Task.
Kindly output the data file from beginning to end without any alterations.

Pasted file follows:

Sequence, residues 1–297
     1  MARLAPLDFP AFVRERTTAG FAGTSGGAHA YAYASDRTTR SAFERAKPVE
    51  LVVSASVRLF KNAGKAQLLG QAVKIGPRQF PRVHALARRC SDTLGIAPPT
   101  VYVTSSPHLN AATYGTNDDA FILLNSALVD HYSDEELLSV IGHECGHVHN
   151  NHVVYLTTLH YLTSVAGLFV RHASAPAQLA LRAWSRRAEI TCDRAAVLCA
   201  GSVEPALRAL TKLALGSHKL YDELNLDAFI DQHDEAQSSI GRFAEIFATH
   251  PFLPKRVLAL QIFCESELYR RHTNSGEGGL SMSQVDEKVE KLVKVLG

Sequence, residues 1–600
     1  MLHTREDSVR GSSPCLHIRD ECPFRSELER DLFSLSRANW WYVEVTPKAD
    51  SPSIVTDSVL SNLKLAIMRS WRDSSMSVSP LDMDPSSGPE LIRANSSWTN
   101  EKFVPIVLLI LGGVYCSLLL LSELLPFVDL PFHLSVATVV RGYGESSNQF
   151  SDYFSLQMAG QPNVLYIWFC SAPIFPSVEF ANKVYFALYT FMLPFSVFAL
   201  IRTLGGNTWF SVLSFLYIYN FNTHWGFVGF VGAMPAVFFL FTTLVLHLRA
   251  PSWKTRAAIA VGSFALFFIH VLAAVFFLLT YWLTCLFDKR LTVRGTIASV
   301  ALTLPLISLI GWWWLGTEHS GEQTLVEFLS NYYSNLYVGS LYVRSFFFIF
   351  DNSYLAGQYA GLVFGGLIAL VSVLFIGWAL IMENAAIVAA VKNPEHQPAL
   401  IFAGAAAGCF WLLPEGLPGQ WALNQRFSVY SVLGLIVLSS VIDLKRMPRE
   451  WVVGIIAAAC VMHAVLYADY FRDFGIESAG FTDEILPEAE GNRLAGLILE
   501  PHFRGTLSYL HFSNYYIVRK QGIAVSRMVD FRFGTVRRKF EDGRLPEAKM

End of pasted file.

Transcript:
Sequence, residues 1–297
     1  MARLAPLDFP AFVRERTTAG FAGTSGGAHA YAYASDRTTR SAFERAKPVE
    51  LVVSASVRLF KNAGKAQLLG QAVKIGPRQF PRVHALARRC SDTLGIAPPT
   101  VYVTSSPHLN AATYGTNDDA FILLNSALVD HYSDEELLSV IGHECGHVHN
   151  NHVVYLTTLH YLTSVAGLFV RHASAPAQLA LRAWSRRAEI TCDRAAVLCA
   201  GSVEPALRAL TKLALGSHKL YDELNLDAFI DQHDEAQSSI GRFAEIFATH
   251  PFLPKRVLAL QIFCESELYR RHTNSGEGGL SMSQVDEKVE KLVKVLG

Sequence, residues 1–600
     1  MLHTREDSVR GSSPCLHIRD ECPFRSELER DLFSLSRANW WYVEVTPKAD
    51  SPSIVTDSVL SNLKLAIMRS WRDSSMSVSP LDMDPSSGPE LIRANSSWTN
   101  EKFVPIVLLI LGGVYCSLLL LSELLPFVDL PFHLSVATVV RGYGESSNQF
   151  SDYFSLQMAG QPNVLYIWFC SAPIFPSVEF ANKVYFALYT FMLPFSVFAL
   201  IRTLGGNTWF SVLSFLYIYN FNTHWGFVGF VGAMPAVFFL FTTLVLHLRA
   251  PSWKTRAAIA VGSFALFFIH VLAAVFFLLT YWLTCLFDKR LTVRGTIASV
   301  ALTLPLISLI GWWWLGTEHS GEQTLVEFLS NYYSNLYVGS LYVRSFFFIF
   351  DNSYLAGQYA GLVFGGLIAL VSVLFIGWAL IMENAAIVAA VKNPEHQPAL
   401  IFAGAAAGCF WLLPEGLPGQ WALNQRFSVY SVLGLIVLSS VIDLKRMPRE
   451  WVVGIIAAAC VMHAVLYADY FRDFGIESAG FTDEILPEAE GNRLAGLILE
   501  PHFRGTLSYL HFSNYYIVRK QGIAVSRMVD FRFGTVRRKF EDGRLPEAKM